Tuesday, June 04, 2013

Rain, rain, don't go away

It is interesting that the monsoon sets in India just as the long wet months of rain end in this part of the world. In my imaginations, the clouds consider their work done here in Oregon and move on to the other side of the planet where the billion-plus in the Subcontinent eagerly await the downpours after having survived yet another summer of heat and dust.

As kids, when we visited grandmas' villages every summer, I found it fascinating that people always talked about the rain.  Conversations between men typically involved openers like மேக்க மழை உண்டோ? (any rain in the west?)  It seemed like that was how they even said hello to each other.  And then the next few minutes were spent talking only about the rains.

There was a good reason why the rain talk featured so much--it is the source of the vital water for life and farming.  No snow banks in those near-equatorial conditions.

The rain-fed Tamarabarani at sundown, Srivaikuntam 2012
Many, many movies that I watched during those childhood years explored rural stories that also portrayed life when the monsoon failed.  Stories of hardship, deprivation, and heroism.  "Thanneer thanneer" (water, water) was one of the movies that made quite an impression on the young adult that I was; as I blogged earlier, using the context of water scarcity,:
Adapted from a play, the movie was one sarcastic tragic-comedy on the plight of the poor, the bureaucracy, and the self-promoting and self-aggrandizing politicians.  It was brilliant.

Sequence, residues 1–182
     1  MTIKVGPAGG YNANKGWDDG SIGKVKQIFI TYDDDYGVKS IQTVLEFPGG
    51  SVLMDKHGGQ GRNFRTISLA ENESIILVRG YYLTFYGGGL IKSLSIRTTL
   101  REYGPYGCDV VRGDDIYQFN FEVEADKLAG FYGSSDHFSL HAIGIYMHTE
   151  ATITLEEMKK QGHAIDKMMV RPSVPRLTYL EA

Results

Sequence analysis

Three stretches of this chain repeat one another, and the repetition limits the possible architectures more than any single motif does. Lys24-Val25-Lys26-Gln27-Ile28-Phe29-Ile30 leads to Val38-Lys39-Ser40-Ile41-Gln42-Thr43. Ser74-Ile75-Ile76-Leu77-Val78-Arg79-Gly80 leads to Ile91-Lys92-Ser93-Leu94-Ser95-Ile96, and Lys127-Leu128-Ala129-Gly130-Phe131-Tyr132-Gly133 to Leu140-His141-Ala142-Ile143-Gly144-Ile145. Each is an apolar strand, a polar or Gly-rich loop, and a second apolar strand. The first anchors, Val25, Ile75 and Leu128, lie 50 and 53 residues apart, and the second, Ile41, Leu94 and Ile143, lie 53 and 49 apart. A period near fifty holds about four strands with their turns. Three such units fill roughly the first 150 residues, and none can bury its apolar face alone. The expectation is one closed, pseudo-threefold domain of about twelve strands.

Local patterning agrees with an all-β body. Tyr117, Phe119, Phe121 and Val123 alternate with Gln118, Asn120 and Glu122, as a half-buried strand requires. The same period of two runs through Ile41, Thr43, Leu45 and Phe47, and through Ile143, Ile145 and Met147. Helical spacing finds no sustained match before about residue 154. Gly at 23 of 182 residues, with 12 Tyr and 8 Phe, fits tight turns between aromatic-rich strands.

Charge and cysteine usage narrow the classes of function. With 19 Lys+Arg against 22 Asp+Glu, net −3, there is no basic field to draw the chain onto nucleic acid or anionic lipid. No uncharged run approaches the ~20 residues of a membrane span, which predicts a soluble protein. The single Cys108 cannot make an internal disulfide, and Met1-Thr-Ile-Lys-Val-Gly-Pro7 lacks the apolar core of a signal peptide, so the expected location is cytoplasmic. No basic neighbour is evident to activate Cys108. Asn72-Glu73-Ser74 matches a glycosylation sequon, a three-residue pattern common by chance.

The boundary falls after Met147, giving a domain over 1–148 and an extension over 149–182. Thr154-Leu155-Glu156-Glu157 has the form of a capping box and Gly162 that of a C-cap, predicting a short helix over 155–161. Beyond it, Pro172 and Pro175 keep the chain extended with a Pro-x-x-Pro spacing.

Perhaps conditioned by all the experiences of growing up in the rural settings, and interacting with folks from there throughout the adult life, even now my father, who lives anything but a rural life, worries about the rains.  Even before I had read the news about the meteorologists statement on the monsoon, father talked about it when I called him up a couple of days ago.

Listening to father's comments, I, too, then visualized in my mind the breeze in Sengottai that typically was the monsoon's calling card.  The rains that then made the waterfalls at Courtallam a wonderful sight for the eyes, and a pleasure for the body when getting massaged by those waters.

Here is to hoping that the rain clouds from Oregon have reached their destinations in India.  A "meghaduta" of a different kind.

I know I will see them here again in October.  I shall wait for you, my friend.  And welcome you with open arms.


Ramesh said...

Yes, please send us all your rain.

The biggest challenge for India is water and its going to get worse with the years as the population increases and the demand for water goes up. Its only the monsoon that can save us.

All cities are now seriously water deficient. Public water supply is only for a couple of hours a day, and that is if we are lucky. We are all digging deeper and deeper borewells and the primary means of water distribution is lorries carrying water.

So I'm mouthing the same mantra - rain rain, don't go away. Forget Oregon where there are more goslings than people ; come here instead :)

Sriram Khé said...

Yes, the demand for water will increase, and increase a lot. More than the population growth, it is economic growth that will drive up the demand way up. Water will be used in so many ways that wouldn't be the case in a less sophisticated economy.
I can't ever understand why very little, if any, has ever been done .... but, then, that is India :(

BTW, remember your post on gas cylinder subsidy? Water, too, is terribly under-priced in India, and the subsidy helps the urban middle and upper classes, when ... oh well, ...

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